• Executive Assistant #1.2 Since approximately late 2019, the Governor engaged in a pattern of inappropriate conduct with an executive assistant (“Executive Assistant #1”), who is a woman. That pattern of conduct included: (1) close and intimate hugs; (2) kisses on the cheeks, forehead, and at least one kiss on the lips; (3) touching and grabbing of Executive Assistant #1’s butt during hugs and, on one occasion, while taking selfies with him; and (4) comments and jokes by the Governor about Executive Assistant #1’s personal life and relationships, including calling her and another assistant “mingle mamas,”3 inquiring multiple times about whether she had cheated or would cheat on her husband, and asking her to help find him a girlfriend. These offensive interactions, among others, culminated in an incident at the Executive Mansion in November 2020 when the Governor, during another close hug with 1 As set forth below in the Relevant Law section, discrimination in the workplace on the basis of sex or gender and retaliation for complaints about such discrimination violate Title VII of the Civil Rights Act of 1964, Section 1983 (42 U.S.C. § 1983), and New York State Human Rights Law (N.Y. Exec. Law § 290, et seq.).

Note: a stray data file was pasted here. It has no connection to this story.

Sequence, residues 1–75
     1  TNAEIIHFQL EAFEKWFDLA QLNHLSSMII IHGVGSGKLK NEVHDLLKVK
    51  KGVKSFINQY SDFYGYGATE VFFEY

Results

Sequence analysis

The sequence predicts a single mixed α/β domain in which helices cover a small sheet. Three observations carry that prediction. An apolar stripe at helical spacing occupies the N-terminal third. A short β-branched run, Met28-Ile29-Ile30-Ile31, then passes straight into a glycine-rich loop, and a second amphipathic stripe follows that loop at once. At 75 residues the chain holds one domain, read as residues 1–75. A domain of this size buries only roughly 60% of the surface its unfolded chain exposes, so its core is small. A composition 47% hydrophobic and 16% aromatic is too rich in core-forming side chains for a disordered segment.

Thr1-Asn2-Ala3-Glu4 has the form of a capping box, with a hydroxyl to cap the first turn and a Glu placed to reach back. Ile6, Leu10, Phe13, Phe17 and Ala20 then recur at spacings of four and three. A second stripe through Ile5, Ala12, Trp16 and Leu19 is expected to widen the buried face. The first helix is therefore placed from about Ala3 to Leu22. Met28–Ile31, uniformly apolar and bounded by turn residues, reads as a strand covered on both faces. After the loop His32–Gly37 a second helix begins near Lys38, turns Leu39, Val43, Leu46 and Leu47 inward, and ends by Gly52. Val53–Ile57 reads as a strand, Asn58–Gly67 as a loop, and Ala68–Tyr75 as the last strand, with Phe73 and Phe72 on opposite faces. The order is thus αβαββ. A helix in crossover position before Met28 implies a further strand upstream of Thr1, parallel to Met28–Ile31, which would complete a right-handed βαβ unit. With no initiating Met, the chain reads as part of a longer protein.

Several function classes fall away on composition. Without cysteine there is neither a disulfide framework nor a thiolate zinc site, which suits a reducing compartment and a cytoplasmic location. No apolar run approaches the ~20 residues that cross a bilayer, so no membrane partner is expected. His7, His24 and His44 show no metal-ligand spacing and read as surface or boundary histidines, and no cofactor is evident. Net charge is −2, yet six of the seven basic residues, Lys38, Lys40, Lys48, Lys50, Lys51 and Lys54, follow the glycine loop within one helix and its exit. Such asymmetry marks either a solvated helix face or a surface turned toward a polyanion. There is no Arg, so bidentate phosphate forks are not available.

2 Many of the individuals we interviewed during our investigation expressed concern and fear over retaliation and requested that, to the extent possible, their identities not be disclosed. Thus, we have sought to anonymize individuals as much as possible, while ensuring the Report’s findings and the bases for our conclusions can be fully understood.